So what's the solution? Some advocate removing the fed's backed paper money and replacing it with U.S. Notes that are actually owned by the government instead of the fed. That's viable to an extent, but because it's still just paper money, the government is apt (especially in times of war), to increase the money supply, thus devaluing the currency. How apt is it? Well, pretty much every (if not absolutely every) fiat currency ever created has eventually gone the way of the dodo.

Ron Paul's suggestion is that we migrate slowly away from the fed by first legalizing competition for the Fed's notes. What that means is that you allow hard money, gold and silver backed currencies for example, can be bought and sold without having to pay sales taxes or pay capital gains taxes. This will force the Fed to restrict the money supply using it's various means such as requiring higher reserves and stop creating more debt at interest for the American taxpayers to pay back. We can get rid of the Fed... it'll take time. There's no doubt that there are hard times ahead regardless... but doing something positive for the economy now, before inflation and the business cycle of booms and busts caused by the Fed's activities completely wipes out the middle class of this country, is essential. The only candidate to even understand these concepts let alone talk about them in public? Ron Paul.

Tuesday, July 17, 2007

"We love Americans. We hate Bush"

Sorry for being away for a bit. My wife and I were traveling around Europe and into Russia so blogging was the furthest thing from my mind. But a funny thing happened as we came into contact with dozens of people from all walks of life, all different countries and with as varied political leanings as you could find... we found that one thing united them all - every single one of them hated Bush. We would ask our Russian and Estonian guides about if they had any antagonism towards Americans - and without fail they would say "No, we love Americans. We just hate Bush." Whether it's the Brits, the Germans or any place in between, they all are frustrated with the man in charge.

And I found myself agreeing with them. It's not because I like their politics - Europe's socialistic tendencies frighten me... some of whom pay income taxes as high as 50%, and yet they still have to pay VAT and various other nickel and dime type rip-offs. What connected me to them was that we all agreed that he's walking around like we're the big man on campus... and I ALWAYS hated that guy. I certainly don't want to be that guy. What surprised me even more was how influential the US is to these people. They are essentially being forced into a US government led war, not just in Iraq but the middle east as a whole. They are being told they are either with us or they are against us. Their countries are being held hostage by leaders who dare not defy the will of Bush. Despite that, for some odd reason American culture, American people and American freedoms are still held in high regard. How long that can last when we continue to elect people who feel that the US has a moral obligation to police the world and launch preemptive wars (without declaring them) against other sovereign nations? Tell me, how can we not take our duty as voting American citizens seriously and finally elect someone who treats others the way we'd like to be treated?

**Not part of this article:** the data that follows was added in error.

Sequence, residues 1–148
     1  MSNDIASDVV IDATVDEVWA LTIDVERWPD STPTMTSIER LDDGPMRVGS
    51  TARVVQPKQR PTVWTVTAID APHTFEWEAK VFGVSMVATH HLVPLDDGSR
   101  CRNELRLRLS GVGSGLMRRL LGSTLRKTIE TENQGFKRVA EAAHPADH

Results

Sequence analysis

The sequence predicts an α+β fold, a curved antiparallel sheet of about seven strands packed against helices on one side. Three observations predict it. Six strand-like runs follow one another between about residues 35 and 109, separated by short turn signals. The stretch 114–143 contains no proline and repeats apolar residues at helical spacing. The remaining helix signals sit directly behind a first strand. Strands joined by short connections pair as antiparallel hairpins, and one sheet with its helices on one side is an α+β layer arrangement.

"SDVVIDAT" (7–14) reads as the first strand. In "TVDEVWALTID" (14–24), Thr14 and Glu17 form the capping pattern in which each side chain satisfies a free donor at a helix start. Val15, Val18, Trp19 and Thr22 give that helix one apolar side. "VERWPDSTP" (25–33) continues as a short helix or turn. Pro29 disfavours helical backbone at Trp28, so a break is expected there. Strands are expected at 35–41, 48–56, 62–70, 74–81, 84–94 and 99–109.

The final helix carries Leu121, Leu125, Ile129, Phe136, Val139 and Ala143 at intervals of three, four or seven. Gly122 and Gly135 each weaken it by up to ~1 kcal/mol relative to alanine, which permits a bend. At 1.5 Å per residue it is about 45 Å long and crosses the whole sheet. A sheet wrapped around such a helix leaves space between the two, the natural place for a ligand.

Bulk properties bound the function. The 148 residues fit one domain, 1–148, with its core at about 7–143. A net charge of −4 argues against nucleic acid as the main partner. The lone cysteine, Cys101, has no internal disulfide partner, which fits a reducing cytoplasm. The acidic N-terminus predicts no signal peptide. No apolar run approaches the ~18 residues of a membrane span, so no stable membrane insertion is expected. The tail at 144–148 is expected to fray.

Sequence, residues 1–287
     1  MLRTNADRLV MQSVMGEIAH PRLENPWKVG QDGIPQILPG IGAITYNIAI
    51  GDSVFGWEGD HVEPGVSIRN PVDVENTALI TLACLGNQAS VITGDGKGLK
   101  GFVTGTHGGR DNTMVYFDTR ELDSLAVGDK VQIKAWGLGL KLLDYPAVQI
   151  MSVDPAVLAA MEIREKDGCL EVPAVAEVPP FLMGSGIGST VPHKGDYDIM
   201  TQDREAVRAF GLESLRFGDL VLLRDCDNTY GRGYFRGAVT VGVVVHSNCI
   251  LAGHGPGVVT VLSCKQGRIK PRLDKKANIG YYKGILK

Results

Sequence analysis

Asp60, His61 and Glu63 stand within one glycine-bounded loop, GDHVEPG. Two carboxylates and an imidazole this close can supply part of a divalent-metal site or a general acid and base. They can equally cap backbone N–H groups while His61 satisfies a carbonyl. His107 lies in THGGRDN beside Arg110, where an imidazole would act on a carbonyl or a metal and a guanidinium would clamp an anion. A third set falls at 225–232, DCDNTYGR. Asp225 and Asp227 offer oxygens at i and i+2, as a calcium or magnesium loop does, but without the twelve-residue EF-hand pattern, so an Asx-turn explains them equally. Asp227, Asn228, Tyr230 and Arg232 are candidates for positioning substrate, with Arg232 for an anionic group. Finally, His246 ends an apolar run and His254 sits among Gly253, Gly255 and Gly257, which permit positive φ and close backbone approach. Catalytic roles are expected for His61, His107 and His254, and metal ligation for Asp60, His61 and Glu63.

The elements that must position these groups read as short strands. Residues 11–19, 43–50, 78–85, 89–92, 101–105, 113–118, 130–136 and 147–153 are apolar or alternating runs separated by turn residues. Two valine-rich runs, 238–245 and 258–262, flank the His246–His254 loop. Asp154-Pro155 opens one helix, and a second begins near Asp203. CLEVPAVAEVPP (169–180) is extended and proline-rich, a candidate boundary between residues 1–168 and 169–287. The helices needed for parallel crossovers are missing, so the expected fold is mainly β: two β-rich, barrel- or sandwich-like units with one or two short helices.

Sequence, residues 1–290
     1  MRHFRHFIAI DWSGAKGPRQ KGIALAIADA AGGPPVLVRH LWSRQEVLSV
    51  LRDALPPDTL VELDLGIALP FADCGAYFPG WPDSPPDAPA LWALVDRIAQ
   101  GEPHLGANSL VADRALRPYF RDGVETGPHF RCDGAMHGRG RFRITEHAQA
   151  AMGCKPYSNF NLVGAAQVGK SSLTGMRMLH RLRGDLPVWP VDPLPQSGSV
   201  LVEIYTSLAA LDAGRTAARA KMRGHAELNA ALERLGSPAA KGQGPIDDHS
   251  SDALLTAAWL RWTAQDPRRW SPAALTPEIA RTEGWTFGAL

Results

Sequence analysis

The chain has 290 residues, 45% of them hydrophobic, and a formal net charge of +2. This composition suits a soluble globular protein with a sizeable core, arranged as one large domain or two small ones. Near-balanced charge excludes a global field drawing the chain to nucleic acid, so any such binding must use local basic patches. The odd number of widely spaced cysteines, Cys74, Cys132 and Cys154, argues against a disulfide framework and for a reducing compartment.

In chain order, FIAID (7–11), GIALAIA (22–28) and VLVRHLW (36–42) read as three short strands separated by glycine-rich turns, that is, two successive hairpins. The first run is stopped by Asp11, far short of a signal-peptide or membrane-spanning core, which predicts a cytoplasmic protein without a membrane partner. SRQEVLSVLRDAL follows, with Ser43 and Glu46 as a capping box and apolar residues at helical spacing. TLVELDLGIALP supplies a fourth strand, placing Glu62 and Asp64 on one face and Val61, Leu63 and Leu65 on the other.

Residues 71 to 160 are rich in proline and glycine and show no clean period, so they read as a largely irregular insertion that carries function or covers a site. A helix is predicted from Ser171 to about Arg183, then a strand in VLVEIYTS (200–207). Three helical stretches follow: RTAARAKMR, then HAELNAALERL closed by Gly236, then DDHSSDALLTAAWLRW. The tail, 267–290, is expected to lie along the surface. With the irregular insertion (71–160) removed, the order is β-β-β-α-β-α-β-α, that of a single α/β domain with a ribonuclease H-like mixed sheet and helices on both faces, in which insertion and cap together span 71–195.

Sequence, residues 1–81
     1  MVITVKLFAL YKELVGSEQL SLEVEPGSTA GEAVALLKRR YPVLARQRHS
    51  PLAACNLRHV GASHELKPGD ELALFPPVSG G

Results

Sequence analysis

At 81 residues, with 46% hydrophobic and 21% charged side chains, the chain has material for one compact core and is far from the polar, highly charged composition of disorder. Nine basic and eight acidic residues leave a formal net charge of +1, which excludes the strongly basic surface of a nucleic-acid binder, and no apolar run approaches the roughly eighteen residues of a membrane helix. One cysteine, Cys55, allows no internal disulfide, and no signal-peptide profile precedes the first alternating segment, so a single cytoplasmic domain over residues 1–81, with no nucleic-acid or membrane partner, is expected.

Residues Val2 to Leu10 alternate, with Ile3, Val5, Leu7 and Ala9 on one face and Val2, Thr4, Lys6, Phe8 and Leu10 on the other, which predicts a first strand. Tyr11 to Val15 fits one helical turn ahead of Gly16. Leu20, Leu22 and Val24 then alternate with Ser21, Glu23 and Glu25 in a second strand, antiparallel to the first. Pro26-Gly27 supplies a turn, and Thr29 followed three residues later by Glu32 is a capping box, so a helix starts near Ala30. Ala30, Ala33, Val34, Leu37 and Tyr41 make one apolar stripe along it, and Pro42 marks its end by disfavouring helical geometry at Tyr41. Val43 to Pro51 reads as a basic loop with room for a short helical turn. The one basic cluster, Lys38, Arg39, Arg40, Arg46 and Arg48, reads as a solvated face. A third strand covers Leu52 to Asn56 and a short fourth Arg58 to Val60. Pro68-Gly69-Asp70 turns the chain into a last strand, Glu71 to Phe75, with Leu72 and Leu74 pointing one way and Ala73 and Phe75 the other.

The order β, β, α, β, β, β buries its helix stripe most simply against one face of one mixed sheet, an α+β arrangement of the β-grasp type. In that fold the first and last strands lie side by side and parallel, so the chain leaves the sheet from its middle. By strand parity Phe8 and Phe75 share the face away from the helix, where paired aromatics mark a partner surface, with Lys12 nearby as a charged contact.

Saturday, June 16, 2007

Utopian View of Big Government

Now, I've only got a few minutes before the water boils for Mac n' Cheese but I wanted to throw a couple of pieces of info at you all.

1. The Washington Post actually posted a not-so-bad article on Ron Paul here. The not so good news is that it still paints him as a "long shot" candidate. If you haven't figured it out yet, "scientific" polls this far away from the primaries are completely useless. But if you think Ron Paul needs more media attention, the best way to do that is to donate to his campaign as it'll be hard to ignore him when the new quarterly numbers come out at the end of this month. Anyway, what does this have to do with Big Government?

It seems like any time there is some public exposure to his campaign, there are those that object to his "Free Market or Bust" economic philosophy (there is also a lot of sentiment out there, cultivated by the media that he's a nut... which couldn't be further from the truth). So the argument goes - if he became president, corporations would be able to run over the American consumer as there would be no government to protect us. I never really understood that point of view so I did some research to try to figure out where the idea that the government did a better job of protecting people than... you know... people... in the free market, came from. And I ran across this interesting podcast. One of the things they identify in the podcast is that people have an inherent distrust of corporations, insurance companies, etc... but at least some people don't have this same natural distrust of government. When something goes wrong - say, a plane crash - society tends to blame the free market, capitalism and corporate greed and demand that their government step in to protect them from those evil corporations. In my mind, nothing could be scarier than handing over more responsibility to the government, so why do people insist on it?